Tuesday, September 18, 2012
The World Through Institutional Lenses
What explains the differences in prosperity among nations? How does a nation create sustainable broad base economic growth? Is growth the result of differences in human capital and technology? According to Daron Acemoglu, the Elizabeth and James Killian Professor of Economics at Massachusetts Institute of Technology, and James Robinson, the David Florence Professor of Government at Harvard University, the differences among nations cannot simply be explained by economic factors. The answer lies in the ability of nations to create inclusive (versus extractive) political, economic, and social institutions. Below is a conversation with Daron Acemoglu done by Edge.org that gives insight in how to view the economic system through institutional lenses.
BOSTON - When I got into economics one of the things that attracted me was thinking about why some nations are rich and some are poor, why some are democratic and others aren't, and why they're socially, politically, and economically so different. I grew up in Turkey and I came of age in the middle of a military regime and the economy wasn't doing well so those questions were in the air. That's the sort of thing that attracted me to economics.
When I came into economics I realized those weren't the issues that most economists worked on. I was still interested in economic development and economic growth, but I tried to think about it using the same approach as economists did. Then about 17 or 18 years ago, I started talking to James Robinson who became my long time collaborator, and James and I both had the same issues with the economics approach. A lot of the interesting issues related to politics, institutions, and the roots of the politics of policies and institutions were left out. We started working, thinking, and discussing to try to write papers on these things. At the time it wasn't a big area within economics.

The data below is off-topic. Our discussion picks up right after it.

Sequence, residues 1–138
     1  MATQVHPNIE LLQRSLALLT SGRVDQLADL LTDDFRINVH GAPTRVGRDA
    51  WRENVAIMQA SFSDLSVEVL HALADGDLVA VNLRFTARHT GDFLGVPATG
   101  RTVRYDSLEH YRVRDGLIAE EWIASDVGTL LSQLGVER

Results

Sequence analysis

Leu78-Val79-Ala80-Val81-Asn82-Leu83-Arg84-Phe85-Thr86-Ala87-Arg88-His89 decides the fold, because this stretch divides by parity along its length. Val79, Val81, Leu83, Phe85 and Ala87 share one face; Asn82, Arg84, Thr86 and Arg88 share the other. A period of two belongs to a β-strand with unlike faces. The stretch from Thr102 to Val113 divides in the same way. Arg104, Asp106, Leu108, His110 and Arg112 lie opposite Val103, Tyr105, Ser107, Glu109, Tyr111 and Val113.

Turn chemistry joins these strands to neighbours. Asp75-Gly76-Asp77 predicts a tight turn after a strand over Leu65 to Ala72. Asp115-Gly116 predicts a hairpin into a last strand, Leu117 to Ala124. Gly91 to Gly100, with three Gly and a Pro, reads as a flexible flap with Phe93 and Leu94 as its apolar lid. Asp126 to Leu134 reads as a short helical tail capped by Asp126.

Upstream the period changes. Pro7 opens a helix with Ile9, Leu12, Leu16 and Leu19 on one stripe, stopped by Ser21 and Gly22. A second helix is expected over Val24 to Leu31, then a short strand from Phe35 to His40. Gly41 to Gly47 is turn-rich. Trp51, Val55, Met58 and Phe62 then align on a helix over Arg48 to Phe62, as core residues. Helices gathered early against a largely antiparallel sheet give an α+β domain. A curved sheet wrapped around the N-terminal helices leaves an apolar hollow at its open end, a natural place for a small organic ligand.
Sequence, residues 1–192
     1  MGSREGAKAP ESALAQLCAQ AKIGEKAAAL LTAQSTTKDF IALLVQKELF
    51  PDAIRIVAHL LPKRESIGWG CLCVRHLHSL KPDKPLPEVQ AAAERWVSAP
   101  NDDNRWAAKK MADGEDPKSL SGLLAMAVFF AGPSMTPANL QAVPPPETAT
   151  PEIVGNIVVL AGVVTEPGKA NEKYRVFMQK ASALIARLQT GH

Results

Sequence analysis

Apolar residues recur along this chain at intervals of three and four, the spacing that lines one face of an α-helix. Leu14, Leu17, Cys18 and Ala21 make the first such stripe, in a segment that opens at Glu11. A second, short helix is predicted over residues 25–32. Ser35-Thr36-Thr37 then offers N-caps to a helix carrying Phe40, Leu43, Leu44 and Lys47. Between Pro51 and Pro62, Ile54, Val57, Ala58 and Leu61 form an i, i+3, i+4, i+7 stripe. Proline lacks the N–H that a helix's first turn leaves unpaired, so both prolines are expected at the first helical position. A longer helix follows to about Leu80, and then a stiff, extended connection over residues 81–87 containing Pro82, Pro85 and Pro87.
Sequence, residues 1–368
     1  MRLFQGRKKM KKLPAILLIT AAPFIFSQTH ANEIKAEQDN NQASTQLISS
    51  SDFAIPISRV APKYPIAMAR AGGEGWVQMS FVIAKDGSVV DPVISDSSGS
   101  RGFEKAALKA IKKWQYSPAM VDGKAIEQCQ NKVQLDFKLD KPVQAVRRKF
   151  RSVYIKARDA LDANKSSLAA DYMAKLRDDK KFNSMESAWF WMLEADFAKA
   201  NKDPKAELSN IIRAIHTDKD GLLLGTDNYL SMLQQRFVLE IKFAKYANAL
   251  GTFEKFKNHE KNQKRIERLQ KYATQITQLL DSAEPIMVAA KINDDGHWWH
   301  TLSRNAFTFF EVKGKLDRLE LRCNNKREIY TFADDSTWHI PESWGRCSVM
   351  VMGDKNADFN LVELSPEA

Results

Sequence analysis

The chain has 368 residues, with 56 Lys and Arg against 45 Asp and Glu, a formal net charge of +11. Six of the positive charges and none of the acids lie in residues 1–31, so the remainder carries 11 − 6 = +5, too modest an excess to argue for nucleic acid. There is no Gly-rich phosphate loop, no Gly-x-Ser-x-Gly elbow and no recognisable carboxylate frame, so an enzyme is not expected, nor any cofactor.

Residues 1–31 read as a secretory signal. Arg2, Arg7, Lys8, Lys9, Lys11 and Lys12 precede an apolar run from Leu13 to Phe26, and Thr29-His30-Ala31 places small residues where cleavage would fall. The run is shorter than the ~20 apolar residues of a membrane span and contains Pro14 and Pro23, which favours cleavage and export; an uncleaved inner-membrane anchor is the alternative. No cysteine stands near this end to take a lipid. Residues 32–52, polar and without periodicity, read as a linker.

The collaboration with James and my work and thinking on this has been the most defining aspect of my career. The main issues that I have worked on have all come out of that collaboration and that process. At the center of it is the huge difference in prosperity that we see around us. We live in a very integrated globalized world, but if you compare the United States to Haiti, that's not that far, or the United States to some countries in sub-Saharan Africa there are huge differences in prosperity. Depending on how you measure it there are 40, 50, 60-fold differences in income per capita.
At the time that Adam Smith wrote the defining text of economics in the 18th Century, the same gaps would have been four or five fold at most. So even though we're in a much more unified world, these gaps, these disparities are huge and I think that's one of the major questions facing social science. What I've been trying to do is trying to understand that. The standard economic approach is all about understanding why countries grow thinking about human capital—education, skills, and so on—thinking about physical capital—machinery or technology—but really at the root of these things there must be some other differences.
We can't really have a satisfactory explanation for why the United States is so much richer than Haiti by saying the United States has much better machinery, has much better education, and so on. The question is why? Why did the United States end up with this better machinery? Why did the people make the choices to go to schooling or why did they organize their production and factories differently?
The perspective that has shaped my thinking on this is all about institutions. 'Institutions' is a catch-all word. Many things in a society are part of its institutions. Douglass North who was one of the leading proponents of the institutions view defined it as the set of humanly designed constraints that shape human behavior. That's a very broad definition. What James and I tried to do is bring greater clarity and discipline to thinking about institutions both empirically and theoretically. We distinguish between economic and political institutions.
Economic institutions are those that really shape the economic incentives. They create opportunities or incentives for investment and innovation. They are crucially related to how level the playing field is. You now have many societies in which only a small fraction of the population are given the opportunity to get into the action. They are the only ones who can work in the modern sector. They're the only ones that can open businesses or open factories or get into trade or get into whatever occupations that they want. So that's really important to have this level playing field, in addition to economic institutions such as property rights and contracting institutions that give incentives to people to take advantage of whatever calling they have in life. (read more)